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“Among the NCAA's other findings, comparing midseason 2010 to this year: The overall batting average has dropped from .301 to .279; ERA from 5.83 to 4.62; and the number of shutouts has jumped from 277 to 444. Advocates argue that the reduced speed with which the ball exits the bat makes the game safer for pitchers and infielders. They also say keeping the offense in check speeds up games and restores integrity to the game. Jeff Hurd, chairman of the NCAA baseball rules committee, said he's received generally positive feedback about the new bats from coaches. "That doesn't mean it's been universally positive," said Hurd, senior associate commissioner of the Western Athletic Conference. "There is a tendency to say the game has changed. Those of us on the rules committee prefer to look at it as if the game is being played more like it was prior to the advent of aluminum bats." Marquess said the fact college baseball doesn't use wooden bats is part of the game's appeal. "We're not playing with major-league players," he said. "For the 5-foot-9 guys, it's nice to hit a double or home run that he couldn't with a wood bat or facing a guy throwing 95." The NCAA doesn't track the length of games during the regular season. Hurd said it's believed the new bats have helped reduce game times, but Marquess said the new limit of 20 seconds between pitches has done more to speed up play. Fox said he hasn't noticed much change in the way he coaches, though he has called for a few more bunts. "I think we're going to probably recruit a little differently," he said. "We've always focused on pitching and defense. You have to get guys who can run. I think it will change the future of the game."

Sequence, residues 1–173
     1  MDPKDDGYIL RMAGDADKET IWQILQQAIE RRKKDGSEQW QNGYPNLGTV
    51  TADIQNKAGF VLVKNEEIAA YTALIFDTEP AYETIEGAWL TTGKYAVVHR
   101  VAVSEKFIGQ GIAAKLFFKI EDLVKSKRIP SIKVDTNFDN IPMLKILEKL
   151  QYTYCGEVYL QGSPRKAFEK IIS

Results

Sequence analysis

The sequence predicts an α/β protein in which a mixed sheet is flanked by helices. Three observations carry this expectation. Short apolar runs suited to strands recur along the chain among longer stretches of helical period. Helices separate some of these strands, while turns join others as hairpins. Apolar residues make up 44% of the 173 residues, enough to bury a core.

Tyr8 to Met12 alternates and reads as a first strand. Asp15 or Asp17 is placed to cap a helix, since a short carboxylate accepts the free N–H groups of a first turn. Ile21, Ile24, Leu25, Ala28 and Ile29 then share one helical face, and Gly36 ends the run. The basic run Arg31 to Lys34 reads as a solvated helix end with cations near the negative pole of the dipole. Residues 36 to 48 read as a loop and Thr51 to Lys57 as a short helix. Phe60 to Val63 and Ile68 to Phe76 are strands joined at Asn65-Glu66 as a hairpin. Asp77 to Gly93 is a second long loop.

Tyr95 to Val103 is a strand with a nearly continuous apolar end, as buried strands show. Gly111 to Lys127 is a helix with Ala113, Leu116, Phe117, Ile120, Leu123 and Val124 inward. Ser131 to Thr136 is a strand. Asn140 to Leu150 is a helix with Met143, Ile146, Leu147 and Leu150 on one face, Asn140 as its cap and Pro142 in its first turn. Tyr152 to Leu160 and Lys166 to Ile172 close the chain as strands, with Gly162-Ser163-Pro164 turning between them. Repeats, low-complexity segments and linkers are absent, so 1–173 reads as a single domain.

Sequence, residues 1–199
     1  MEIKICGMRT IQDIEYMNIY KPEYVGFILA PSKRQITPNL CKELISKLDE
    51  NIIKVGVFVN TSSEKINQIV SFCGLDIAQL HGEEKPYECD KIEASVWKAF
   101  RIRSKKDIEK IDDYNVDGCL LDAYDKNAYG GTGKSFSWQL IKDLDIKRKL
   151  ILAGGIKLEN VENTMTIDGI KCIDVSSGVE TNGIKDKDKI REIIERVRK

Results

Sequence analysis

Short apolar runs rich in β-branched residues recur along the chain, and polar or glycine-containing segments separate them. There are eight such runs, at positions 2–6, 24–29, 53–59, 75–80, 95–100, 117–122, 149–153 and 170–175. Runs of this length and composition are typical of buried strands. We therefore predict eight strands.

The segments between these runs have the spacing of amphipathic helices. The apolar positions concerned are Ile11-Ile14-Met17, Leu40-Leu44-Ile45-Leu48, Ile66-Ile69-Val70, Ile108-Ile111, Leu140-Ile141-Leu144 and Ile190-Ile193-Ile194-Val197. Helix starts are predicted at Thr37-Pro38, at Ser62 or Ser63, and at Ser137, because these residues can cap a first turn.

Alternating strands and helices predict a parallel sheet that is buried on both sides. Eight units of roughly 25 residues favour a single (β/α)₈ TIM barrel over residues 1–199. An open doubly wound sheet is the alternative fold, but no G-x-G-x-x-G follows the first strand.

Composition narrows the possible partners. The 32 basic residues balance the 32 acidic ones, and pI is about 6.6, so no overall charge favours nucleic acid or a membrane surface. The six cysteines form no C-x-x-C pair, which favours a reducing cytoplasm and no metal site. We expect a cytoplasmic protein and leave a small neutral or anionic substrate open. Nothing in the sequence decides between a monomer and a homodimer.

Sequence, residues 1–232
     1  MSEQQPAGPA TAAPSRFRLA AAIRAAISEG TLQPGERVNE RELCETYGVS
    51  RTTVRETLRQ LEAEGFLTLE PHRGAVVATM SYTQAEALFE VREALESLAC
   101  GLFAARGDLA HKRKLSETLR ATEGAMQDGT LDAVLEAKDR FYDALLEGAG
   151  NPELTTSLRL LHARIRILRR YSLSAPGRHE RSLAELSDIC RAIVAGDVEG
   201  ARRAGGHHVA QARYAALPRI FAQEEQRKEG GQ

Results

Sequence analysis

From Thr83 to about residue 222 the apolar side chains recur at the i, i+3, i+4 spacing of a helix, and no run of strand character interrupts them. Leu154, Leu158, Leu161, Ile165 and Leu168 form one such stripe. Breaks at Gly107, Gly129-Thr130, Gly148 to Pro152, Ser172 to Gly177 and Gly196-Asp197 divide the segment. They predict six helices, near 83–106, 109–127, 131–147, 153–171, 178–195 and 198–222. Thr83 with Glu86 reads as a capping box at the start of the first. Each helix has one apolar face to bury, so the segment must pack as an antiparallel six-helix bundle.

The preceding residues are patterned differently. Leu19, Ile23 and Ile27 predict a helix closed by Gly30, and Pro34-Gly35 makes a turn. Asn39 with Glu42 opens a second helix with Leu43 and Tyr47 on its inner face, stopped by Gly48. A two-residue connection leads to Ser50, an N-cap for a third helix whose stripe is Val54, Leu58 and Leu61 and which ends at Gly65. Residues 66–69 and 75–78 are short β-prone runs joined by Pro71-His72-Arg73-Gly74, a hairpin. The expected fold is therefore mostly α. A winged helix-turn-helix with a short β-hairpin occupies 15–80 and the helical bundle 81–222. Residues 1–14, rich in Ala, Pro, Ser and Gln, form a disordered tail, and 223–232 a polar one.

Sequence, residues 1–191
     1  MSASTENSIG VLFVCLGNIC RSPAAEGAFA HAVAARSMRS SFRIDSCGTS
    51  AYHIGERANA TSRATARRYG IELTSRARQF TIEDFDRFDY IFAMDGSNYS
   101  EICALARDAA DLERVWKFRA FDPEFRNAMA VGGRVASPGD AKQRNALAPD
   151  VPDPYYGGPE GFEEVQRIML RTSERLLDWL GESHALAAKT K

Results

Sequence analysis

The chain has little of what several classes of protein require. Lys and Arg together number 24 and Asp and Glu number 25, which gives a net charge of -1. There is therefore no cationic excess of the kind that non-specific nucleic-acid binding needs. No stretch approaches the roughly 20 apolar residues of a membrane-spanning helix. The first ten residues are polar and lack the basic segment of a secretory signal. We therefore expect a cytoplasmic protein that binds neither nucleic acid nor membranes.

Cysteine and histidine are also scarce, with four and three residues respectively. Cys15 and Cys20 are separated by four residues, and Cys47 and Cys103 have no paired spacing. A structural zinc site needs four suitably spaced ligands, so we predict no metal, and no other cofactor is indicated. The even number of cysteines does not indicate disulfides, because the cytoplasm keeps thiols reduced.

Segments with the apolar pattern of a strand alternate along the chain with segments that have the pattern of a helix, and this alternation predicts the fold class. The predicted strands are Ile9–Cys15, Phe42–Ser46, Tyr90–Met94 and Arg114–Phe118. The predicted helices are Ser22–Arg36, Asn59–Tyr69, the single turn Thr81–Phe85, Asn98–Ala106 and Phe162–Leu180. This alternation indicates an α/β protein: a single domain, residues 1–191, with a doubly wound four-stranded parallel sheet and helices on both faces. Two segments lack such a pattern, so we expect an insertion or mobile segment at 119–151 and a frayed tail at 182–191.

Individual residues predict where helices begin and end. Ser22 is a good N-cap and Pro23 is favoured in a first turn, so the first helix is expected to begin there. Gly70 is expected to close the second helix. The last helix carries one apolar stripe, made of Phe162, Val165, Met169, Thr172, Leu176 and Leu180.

I didn't see what was wrong with the bats last year. I thought last year there were great pitching performances, and if you could pitch, you could beat the hitter. There were just enough home runs to keep it interesting.” -- North Carolina coach Mike Fox